I love visiting the Palace of Versailles. Often the crowds can be a bit daunting but there is nothing better than letting the history of the time come alive in these beautiful rooms with their over the top, opulent decororation.
This time, we decided to go behind the scenes and visit the King’s private apartments. Our guide, Deborah Anthony, had excelled with her tour of the Grand Trianon and Petit Trianon as well as Marie Antoinette’s Hamlet, so we were looking forward to this visit.
The interior court of the Palace was looking stunning. The gilt on the roof and balconies had recently been restored and everything was sparkling.

Palace of Versailles
Beautiful Versailles

The Palace of Versailles
Decoration on the buildings

The Palace of Versailles
Detail on the roof

Silhouettes in the waiting room at the Palace of Versailles
Silhouettes in the waiting room

To see the private apartments, you must be accompanied by one of Versailles’s own guides as well as a security guard.
Our guide, Dominic, was extremely knowledgeable. His own personal interest was in the fashion of the time, so he was often pointing little titbits out in the paintings or decorations.
One of the interesting things he mentioned was that after the Revolution, all the furniture and works of art were sold. Whilst some have been returned and gifted back, a lot of the furniture and has been bought back by Versailles. The Friends of Versailles , a group which we happily joined, raises funds for the restoration and purchase of these when they come up for sale.
Guide at the Palace of Versailles
Dominic pointing out Marie Antoinette as a baby in the family portrait

The King's bedroom at the Palace of Versailles
The King's bedroom

In one of Marie Antoinette’s rooms, this beautiful box caught my eye. It was used for storing her babies’ clothes
The clock room at the Palace of Versailles
The clock room

Both Louis XV and Louis XVI were interested in the sciences
This clock belonging to Louis XV shows the time, the day of the week, the month, the year and the moon’s quarter. It has been designed to last up to 9999!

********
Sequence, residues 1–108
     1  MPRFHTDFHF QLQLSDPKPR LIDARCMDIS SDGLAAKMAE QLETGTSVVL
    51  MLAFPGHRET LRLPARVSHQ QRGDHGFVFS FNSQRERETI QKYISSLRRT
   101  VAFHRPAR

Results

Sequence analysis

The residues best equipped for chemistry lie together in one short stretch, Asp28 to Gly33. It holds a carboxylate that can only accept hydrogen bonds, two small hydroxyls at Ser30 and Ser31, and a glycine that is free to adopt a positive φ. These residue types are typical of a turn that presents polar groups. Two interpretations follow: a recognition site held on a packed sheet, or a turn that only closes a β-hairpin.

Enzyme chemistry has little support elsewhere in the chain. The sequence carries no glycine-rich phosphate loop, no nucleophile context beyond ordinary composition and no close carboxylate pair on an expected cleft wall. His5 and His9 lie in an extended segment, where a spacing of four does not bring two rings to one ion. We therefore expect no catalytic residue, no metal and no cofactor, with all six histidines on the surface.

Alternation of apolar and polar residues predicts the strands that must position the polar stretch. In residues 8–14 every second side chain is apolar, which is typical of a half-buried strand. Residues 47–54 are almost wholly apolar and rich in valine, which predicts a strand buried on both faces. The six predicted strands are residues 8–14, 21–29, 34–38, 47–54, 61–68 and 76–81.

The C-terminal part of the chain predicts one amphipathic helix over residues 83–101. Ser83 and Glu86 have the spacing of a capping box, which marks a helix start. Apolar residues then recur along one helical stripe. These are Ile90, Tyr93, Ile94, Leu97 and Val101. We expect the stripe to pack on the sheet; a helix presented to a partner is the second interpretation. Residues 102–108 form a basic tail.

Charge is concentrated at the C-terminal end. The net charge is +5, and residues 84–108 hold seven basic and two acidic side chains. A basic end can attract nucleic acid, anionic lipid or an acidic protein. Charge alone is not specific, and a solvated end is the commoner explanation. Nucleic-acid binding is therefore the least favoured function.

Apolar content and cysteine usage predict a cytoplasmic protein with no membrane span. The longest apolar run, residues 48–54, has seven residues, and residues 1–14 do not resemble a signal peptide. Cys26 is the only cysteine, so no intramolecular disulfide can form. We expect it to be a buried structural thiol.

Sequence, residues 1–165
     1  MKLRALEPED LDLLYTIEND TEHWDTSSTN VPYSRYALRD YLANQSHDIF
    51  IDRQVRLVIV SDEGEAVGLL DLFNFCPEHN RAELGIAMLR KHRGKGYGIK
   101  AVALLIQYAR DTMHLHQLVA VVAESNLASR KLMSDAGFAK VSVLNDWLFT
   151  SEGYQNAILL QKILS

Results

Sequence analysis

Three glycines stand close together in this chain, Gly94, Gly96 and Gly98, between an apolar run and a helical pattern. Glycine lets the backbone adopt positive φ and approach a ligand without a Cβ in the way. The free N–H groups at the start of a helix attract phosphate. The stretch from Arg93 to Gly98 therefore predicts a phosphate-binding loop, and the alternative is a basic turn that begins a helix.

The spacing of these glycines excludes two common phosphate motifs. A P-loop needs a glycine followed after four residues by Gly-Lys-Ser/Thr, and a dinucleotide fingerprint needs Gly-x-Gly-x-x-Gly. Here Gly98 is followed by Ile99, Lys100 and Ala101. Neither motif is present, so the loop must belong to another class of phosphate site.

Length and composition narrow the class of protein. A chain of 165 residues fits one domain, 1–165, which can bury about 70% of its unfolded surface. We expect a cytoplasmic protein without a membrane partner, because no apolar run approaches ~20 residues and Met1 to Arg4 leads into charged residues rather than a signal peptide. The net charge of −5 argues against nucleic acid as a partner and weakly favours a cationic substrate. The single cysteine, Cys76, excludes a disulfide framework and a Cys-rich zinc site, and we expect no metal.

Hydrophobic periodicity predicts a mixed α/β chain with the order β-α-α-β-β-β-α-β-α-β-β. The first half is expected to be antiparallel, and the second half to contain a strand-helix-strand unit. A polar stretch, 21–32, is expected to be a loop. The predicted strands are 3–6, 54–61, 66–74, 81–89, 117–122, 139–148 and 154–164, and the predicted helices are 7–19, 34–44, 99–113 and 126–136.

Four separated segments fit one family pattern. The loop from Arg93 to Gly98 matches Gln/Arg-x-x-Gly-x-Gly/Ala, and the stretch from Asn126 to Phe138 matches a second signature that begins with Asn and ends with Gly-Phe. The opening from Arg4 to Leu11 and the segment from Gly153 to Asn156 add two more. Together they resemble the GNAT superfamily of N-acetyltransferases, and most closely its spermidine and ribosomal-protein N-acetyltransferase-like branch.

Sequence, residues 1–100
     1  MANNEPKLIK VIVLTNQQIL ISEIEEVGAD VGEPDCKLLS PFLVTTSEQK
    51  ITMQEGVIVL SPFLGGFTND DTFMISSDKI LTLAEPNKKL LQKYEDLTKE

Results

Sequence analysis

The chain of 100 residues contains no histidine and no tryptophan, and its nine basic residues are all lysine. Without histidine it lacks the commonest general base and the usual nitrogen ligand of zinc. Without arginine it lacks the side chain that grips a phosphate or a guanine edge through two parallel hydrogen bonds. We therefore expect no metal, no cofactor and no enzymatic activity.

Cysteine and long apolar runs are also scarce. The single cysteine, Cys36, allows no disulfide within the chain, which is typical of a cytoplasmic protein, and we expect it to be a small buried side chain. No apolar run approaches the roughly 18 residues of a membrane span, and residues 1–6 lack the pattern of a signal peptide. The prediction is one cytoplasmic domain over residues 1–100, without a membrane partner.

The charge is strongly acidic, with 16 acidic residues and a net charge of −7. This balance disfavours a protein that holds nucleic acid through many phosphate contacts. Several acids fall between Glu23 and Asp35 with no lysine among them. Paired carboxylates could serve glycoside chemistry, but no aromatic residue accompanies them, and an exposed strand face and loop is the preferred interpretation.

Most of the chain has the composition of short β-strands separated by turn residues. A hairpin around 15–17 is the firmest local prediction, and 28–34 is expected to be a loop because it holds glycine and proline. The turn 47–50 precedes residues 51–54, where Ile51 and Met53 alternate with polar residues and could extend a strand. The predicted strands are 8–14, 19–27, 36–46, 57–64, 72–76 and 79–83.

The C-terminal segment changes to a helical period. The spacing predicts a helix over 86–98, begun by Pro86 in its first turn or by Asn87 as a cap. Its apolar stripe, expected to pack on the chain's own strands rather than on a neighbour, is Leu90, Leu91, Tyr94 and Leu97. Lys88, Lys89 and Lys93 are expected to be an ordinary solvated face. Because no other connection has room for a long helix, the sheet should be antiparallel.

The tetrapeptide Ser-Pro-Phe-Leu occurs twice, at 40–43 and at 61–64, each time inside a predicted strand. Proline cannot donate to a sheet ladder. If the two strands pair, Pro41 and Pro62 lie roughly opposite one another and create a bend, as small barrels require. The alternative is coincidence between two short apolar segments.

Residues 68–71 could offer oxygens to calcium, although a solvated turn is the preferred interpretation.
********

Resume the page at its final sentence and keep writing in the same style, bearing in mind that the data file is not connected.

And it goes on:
The planets can be seen revolving around the sun in the chrystal dome on top.
Louis XV clock at the Palace of Versailles
Louis XV clock

The dining room was created originally for Louis XV but used a lot by Louis XVI and Marie Antoinette for their ‘society suppers’. It is called the Porcelain Room not only because of the porcelain on display ( including the paintings) but because each year at Christmas, the King, who owned the Sevres factory, would use it as a showroom where the courtiers could come and buy presents.
The Porcelain Room at the Palace of Versailles
The Porcelain Room

Marie Antoinette's private sitting room at Versailles
Marie Antoinette's private sitting room

Marie Antoinette's Boudoir at Versailles
Marie Antoinette's Boudoir

Louis XVI’s dressing room is entered from a door hidden in his bedchamber. It is quite an extraordinary space lined with wood carving decorated in gilt.
King's Dressing Room at Versailles
King's dressing room

The secret passage from Marie Antoinette's Library
The secret passage from Marie Antoinette's library

Looking at the crowds from behind the scenes at Versailles
Looking at the crowds from behind the scenes

As we were saying goodbye to Dominic, I gazed at the new modern sculpture at the entrance. Whilst I love modern sculpture, I am not sure that this is the place for it.
What do you think?